Science in the Private Interest

Well – I spent the afternoon in research integrity heaven listening to exceptional plenary lectures on conflict of interest in biomedical research by Sheldon Krimsky (Tufts) and Catherine DeAngelis (JAMA editor). Both presentations were thoughtful and thought-provoking and delivered with delightful enthusiasm. Both noted with concern the rise of COI issues starting in the mid-80s and escalating to near daily headlines in current times.

Dr. Krimsky (Corporate Sponsorship of Public Science: Are They Reconcilable? … with a running banner of Corrupted Science) discussed ghostwriting, manufactured science, suppressed science, and manipulated science. He discussed how big pharma is a vertically integrated industry (perhaps the best), with penetration to consumers as young as 6 years old (drug ads in kindergarten Scholastic magazines) up through the FDA. In a study he coauthored in 2006, he noted that 56% of contributors to the latest DSM (DSM-IV) had undisclosed financial conflicts of interests and that 100% of the members of expert panels preparing the chapters on Mood Disorders and Schizophrenia etc. had financial ties to the drug companies whose products were promoted in the DSM. Whoa.

Catherine DeAngelis (COI in Medical Research – Facts & Friction) reviewed the issues facing major medical journals and the scientific community overall with many up close & personal anecdotes. A few facts: 515 articles on COI in Medline in 2006 … published results of industry-funded research were 4x as likely to support the industry’s interests (JAMA 2003;289:454) … 59% of contributors to Practice Guidelines had financial ties to the products recommended in the guidelines (JAMA 2002;287:612) … roughly 20% of researchers delay publication 6 mo due to patent/IP protection issues, corporate pressure, etc. Some of the friction: delaying tactics with lawsuit threats involved (HIV Immunogen – JAMA 2000;284:2193) … deliberate lying (Celebrex – JAMA 2000;284:1247 & JAMA 2001;286:2398) … hide bad news (Vioxx – NEJM 2006;354:1193) … and much more. She now trusts no one and gets everything in writing – plus she turns down about $1.5M in advertisement and rejects many top articles that later appear in other journals because she is not satisfied with the disclosure provided.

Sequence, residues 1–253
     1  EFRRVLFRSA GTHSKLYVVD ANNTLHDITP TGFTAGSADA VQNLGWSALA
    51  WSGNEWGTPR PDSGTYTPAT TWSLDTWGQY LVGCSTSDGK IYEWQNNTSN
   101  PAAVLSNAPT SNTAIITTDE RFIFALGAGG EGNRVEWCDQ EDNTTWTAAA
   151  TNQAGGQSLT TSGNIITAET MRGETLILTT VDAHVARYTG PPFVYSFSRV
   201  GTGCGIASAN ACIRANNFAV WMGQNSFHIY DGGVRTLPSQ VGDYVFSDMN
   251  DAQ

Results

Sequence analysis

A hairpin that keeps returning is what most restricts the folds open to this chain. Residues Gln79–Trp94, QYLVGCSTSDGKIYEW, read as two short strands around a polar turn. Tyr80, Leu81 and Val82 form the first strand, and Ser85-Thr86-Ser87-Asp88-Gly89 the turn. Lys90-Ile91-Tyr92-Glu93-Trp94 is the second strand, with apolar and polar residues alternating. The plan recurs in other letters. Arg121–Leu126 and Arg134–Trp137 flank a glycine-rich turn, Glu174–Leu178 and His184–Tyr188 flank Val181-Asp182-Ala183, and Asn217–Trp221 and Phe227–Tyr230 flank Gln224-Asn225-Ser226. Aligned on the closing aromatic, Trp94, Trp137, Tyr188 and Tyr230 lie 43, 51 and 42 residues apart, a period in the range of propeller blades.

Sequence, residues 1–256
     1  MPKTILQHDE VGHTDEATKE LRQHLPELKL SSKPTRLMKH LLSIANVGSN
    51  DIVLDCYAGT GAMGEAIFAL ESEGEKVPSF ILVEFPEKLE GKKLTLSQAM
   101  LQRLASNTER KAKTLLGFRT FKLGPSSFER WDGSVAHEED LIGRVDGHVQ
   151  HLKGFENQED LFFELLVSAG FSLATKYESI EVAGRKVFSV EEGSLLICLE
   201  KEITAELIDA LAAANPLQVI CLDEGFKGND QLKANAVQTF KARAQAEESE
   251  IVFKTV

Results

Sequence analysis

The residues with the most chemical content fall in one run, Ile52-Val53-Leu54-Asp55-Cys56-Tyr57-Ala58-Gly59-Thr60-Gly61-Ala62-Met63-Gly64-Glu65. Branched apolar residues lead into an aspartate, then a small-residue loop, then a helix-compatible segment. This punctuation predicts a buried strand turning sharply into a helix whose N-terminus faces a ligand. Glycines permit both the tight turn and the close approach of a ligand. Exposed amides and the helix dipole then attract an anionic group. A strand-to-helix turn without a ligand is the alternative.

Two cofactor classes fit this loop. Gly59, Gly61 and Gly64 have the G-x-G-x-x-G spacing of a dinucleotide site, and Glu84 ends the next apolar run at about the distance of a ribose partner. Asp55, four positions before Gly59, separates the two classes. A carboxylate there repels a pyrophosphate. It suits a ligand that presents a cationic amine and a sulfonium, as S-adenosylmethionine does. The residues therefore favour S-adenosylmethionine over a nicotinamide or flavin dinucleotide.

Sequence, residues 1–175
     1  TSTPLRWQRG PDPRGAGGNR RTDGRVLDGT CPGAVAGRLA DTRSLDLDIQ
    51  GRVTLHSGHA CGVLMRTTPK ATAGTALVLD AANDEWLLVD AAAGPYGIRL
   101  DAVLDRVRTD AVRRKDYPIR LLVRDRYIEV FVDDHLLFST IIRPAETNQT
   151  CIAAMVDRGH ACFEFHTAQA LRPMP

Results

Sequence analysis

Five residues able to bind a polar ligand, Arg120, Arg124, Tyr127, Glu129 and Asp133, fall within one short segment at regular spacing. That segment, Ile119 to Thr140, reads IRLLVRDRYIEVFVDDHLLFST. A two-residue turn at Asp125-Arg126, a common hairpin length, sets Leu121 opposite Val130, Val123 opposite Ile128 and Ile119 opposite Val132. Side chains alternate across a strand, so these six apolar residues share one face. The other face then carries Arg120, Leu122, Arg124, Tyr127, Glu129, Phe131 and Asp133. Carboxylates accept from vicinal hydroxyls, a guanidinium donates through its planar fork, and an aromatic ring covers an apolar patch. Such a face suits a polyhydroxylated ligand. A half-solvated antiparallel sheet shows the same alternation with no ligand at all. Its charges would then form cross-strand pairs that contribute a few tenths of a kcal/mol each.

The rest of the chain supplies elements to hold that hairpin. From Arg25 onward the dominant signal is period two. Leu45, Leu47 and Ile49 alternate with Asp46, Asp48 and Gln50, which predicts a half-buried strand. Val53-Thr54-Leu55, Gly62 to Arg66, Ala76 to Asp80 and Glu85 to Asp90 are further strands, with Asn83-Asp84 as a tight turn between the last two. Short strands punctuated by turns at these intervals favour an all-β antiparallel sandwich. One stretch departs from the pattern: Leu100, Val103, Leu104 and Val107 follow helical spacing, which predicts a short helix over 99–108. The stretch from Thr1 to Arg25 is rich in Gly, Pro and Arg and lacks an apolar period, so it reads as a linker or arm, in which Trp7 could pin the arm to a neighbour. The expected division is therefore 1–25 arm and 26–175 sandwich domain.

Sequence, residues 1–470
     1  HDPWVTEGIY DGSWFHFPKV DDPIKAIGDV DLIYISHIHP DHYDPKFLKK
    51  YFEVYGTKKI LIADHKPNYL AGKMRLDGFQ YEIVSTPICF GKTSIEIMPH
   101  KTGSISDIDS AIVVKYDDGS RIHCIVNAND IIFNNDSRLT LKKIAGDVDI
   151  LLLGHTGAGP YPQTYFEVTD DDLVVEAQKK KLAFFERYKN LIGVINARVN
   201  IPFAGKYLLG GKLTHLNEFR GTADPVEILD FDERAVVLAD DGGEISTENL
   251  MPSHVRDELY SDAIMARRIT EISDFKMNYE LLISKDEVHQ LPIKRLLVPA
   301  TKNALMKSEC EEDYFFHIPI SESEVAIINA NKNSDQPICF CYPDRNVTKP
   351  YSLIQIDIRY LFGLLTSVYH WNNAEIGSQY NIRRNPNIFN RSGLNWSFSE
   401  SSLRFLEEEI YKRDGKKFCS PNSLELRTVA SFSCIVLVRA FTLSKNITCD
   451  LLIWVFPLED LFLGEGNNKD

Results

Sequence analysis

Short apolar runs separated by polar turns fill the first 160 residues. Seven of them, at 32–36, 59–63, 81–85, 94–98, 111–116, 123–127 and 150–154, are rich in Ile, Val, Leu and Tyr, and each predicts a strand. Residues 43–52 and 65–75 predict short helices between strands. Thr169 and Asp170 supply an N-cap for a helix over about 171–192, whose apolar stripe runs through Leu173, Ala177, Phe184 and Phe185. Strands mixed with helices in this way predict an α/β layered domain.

With entrepeneurship now the “4th” mission of academic health centers (along with teaching, research, and clinical care), COI is a fact of life that cannot be avoided but must be managed … and not by the person with whom the COI lies. COI disclosure must be complete, detailed, prospective, and forward-looking (ie, if plan to invest two weeks after journal article accepted), and those responsible for monitoring COI & taking appropriate action must be completely separate from those seeking to benefit (through grants, tech transfer, licensing, etc.) from the research. Drs. Krimsky and DeAngelis agreed that a “National Institute of Drug Testing” of sorts should be created to design and implement all drug & medical device clinical trials (funded by industry through fees for independent trial service rather than by paying salaries, as currently happens at the FDA). And a comprehensive public database like should serve as a repository for all clinical trial results – the good, the bad, and the ugly.

I can sit up a little straighter knowing a University-wide policy of refusing tobacco money is in place (per both the Provost & the SVC for Health Sciences) at my current place of employment and that the academic health center has or is in the process of implementing a total ban for faculty, staff, and students on industry-sponsored gifts, personal samples, free lunches, hospitality, speaker bureaus, ghost-writers, etc. And they have had no qualms removing an exceedingly productive department chair due to a COI problem and not renewing faculty contracts when COI goes undisclosed but is discovered.


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